This is part 3 of a 4-part series on autism and sleep problems
Research shows that sleep problems worsen autism symptoms across most core domainsThe relationship between sleep and behavior in autism spectrum disorder (ASD): a review—particularly in the social domainSleep problems as possible predictors of intensified symptoms of autism—and were the highest predictor of challenging behaviors in autism.Sleep, anxiety and challenging behaviour in children with intellectual disability and/or autism spectrum disorder
Correlations with dysfunctions
Autistic children experience more sleep-related anxiety, night waking, parasomnias, sleep-disordered breathing, and daytime sleepiness than neurotypicals.Sleep and Executive Functioning Among High-IQ School-Aged Children with Autism
Certain sleep problems were found to correlate with certain dysfunctions:Sleep and Executive Functioning Among High-IQ School-Aged Children with Autism
- Sleep duration and resistance to falling asleep correlated with behavioral regulation and executive dysfunction.
- The ability to fall asleep quickly correlated with working memory.
- The ability to remain asleep through the night correlated with accuracy and efficiency of inhibiting conflicting information.
A study from 2015 that investigated the correlation between sleep disorders and the behavior of autistic people found correlations between sleep disorders and thinking- and behavioral problems:Influence of sleep disorders on the behavior of individuals with autism spectrum disorder
- Disorders of arousal (sleepwalking, sleep terrors, and confusional arousals) were correlated with thinking problems.
- Disorders of excessive somnolence (i.e. desire to sleep) were correlated with thinking and behavioral problems.
The high frequency of sleep disorders was found to correlate with some of the behavioral traits that autistic people already exhibit (see below).Influence of sleep disorders on the behavior of individuals with autism spectrum disorder
In terms of the effects of sleep problems on behavior, autistic people experience more social anxiety, depression, withdrawal, somatic complaints, attention issues, thought complaints, delinquency, aggression, internalizing (dealing with stressors in ways that don’t manifest externally), and externalizing (an unconscious defense mechanism where a person projects their own internal characteristics onto the outside world—in particular onto other people).Influence of sleep disorders on the behavior of individuals with autism spectrum disorder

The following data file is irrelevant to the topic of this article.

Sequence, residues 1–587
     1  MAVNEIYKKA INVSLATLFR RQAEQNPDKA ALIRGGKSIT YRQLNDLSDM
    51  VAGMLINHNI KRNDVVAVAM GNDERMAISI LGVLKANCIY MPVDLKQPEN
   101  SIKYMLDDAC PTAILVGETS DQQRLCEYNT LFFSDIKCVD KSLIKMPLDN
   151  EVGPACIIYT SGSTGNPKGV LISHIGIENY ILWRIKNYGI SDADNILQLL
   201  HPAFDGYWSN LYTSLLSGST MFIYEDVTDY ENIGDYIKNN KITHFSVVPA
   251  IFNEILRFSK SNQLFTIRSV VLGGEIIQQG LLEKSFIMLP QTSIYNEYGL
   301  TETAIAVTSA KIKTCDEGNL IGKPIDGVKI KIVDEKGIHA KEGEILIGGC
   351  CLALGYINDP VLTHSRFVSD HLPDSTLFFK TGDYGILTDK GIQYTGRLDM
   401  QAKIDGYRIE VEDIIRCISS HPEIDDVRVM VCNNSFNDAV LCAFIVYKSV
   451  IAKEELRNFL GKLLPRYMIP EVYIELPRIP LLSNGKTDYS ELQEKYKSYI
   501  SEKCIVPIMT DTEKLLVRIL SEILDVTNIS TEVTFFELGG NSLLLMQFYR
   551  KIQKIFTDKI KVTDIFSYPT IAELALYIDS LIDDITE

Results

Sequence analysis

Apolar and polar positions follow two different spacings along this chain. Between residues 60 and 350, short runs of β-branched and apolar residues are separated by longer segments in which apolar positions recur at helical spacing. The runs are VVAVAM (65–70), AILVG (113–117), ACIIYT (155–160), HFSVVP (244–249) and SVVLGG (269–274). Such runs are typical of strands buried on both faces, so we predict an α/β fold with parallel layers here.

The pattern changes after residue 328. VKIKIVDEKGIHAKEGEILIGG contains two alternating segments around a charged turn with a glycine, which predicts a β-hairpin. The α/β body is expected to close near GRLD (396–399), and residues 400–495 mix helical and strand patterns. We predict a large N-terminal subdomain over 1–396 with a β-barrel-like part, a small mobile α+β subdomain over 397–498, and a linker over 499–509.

In the diagram below you can see how autistic people compare to neurotypicals on these behavioral problems.Influence of sleep disorders on the behavior of individuals with autism spectrum disorder
So it’s these areas that are likely predominantly affected by sleep problems. Speaking from personal experience, my aggression and volatility, as well as my anxiety certainly go up, whereas cognitive functions decrease.
Sleep & challenging behaviors
Studies exploring the relationship between sleep and challenging behaviors in autism found:The relationship between sleep and behavior in autism spectrum disorder (ASD): a review
- Fewer hours of sleep per night predicted autism severity score, social skill deficit, and stereotypic behavior.Sleep problems as possible predictors of intensified symptoms of autism
- Hypersensitivity to stimuli, younger age, co-sleeping, medication, epilepsy, history of sleep problems, and ADHD are associated with sleep problems in autistic individuals.Sleep disturbances and correlates of children with autism spectrum disorders
- PDD children with sleep problems had higher rates of ADHD, oppositional behavior, and psychiatric symptoms compared to children without sleep problems.Sleep disturbance and its relation to DSM-IV psychiatric symptoms in preschool-age children with pervasive developmental disorder and community controls